What Donors Expect

What do donors want in impact measurement?

Jason Saul: I cover this in detail in my book The End of Fundraising, but basically, there are two different sets of donors to consider. One set of donors is looking for psychic benefits—these are the types of people who plunk a few dollars in the bucket for Salvation Army after shopping at a local grocery store, or who make an annual donation to the animal shelter because they have a pet. This group wants to feel good. They want stories and pictures. They don’t really have any expectations of the impact of their donation, except to know that their money wasn’t wasted. I’d say that these types of folks are 90% of the money in giving right now.

However, there’s a smaller set of donors, let’s say 10% of donors, that aren’t “psychic benefit donors.” This group are what I call “impact buyers.” For example, a college graduate who is applying to law school wants to know the outcomes for job placement after getting a degree. Or a company that hires people from public schools wants to know the outcomes from STEM programs. Governments that want to reduce hunger and also cut costs on food stamps, to get people to be self-sustainable—they’re also impact buyers. This category of individuals and organizations are willing to pay for outcomes. And they don’t just want to just feel good; they know what results they want.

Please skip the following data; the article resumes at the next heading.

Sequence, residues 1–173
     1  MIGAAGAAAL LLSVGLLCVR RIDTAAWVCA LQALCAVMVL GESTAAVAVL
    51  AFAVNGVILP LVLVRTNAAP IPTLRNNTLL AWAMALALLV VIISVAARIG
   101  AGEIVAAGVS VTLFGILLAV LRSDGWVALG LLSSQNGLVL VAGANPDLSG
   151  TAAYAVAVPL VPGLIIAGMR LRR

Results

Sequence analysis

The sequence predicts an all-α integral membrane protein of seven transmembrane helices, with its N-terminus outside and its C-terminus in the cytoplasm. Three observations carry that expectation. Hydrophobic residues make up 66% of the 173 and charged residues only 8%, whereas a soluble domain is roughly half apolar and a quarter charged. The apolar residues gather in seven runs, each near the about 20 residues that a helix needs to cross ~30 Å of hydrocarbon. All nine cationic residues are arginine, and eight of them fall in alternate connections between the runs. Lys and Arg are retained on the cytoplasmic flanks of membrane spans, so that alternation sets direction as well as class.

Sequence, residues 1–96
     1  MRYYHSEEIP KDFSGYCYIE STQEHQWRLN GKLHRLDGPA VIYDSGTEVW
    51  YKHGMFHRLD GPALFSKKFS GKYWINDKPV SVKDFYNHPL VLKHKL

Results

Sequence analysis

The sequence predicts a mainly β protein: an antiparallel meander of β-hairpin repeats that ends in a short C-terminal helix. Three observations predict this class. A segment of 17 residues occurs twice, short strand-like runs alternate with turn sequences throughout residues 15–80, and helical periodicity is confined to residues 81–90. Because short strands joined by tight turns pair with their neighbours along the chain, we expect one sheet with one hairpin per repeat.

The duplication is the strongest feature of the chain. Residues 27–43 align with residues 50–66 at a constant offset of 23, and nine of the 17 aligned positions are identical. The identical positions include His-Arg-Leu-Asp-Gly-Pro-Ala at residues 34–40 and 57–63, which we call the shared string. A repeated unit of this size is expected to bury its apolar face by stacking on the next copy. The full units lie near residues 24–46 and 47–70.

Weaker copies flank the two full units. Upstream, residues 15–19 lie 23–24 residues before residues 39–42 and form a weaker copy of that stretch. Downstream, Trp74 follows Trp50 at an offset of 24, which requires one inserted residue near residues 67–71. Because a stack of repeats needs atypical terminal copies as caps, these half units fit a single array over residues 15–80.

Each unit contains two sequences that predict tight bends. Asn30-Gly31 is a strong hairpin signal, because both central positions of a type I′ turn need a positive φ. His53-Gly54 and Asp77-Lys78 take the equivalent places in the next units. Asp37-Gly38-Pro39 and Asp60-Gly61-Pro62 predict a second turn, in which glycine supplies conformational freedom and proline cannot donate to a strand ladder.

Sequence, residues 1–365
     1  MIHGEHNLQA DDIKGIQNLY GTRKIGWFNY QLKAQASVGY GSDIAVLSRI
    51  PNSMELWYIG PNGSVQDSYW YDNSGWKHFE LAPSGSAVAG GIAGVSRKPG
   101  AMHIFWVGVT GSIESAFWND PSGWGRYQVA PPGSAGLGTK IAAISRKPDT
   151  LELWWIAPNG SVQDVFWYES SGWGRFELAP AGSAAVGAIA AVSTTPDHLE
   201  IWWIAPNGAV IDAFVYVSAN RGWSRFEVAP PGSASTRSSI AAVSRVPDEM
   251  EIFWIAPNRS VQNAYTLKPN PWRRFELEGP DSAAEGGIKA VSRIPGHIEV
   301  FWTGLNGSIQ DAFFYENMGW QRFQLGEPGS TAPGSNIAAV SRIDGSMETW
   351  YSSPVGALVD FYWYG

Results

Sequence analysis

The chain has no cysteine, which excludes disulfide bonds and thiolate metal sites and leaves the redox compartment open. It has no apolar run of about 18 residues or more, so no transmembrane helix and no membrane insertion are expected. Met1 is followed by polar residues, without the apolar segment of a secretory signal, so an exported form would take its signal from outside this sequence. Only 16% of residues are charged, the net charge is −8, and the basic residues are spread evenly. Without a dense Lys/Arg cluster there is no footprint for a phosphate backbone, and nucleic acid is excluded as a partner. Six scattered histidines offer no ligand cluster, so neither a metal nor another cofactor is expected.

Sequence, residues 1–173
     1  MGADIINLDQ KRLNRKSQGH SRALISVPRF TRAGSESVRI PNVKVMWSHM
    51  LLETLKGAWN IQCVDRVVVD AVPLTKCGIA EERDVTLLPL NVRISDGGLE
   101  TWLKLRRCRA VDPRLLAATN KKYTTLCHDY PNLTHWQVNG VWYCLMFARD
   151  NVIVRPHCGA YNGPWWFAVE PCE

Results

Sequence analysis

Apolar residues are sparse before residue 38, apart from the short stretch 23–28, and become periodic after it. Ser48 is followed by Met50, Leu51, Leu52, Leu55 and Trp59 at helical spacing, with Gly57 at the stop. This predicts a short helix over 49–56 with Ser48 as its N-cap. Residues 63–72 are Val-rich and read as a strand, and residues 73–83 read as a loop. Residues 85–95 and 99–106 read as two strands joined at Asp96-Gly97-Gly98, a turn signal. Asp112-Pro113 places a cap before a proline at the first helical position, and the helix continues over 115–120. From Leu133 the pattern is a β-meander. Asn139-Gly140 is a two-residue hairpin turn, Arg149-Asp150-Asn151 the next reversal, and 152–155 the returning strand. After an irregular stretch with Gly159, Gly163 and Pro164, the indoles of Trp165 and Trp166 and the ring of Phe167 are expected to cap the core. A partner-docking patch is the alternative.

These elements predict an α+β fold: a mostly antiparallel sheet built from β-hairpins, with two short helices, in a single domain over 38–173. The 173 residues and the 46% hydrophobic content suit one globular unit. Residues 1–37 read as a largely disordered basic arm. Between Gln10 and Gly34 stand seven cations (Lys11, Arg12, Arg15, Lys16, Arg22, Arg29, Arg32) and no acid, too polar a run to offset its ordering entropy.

I’d also like to add that the larger the amount of money spent, the more that those impact buyers have an expectation of outcomes and impact.

Trends in Impact Measurement

What are leading trends in impact measurement with technology?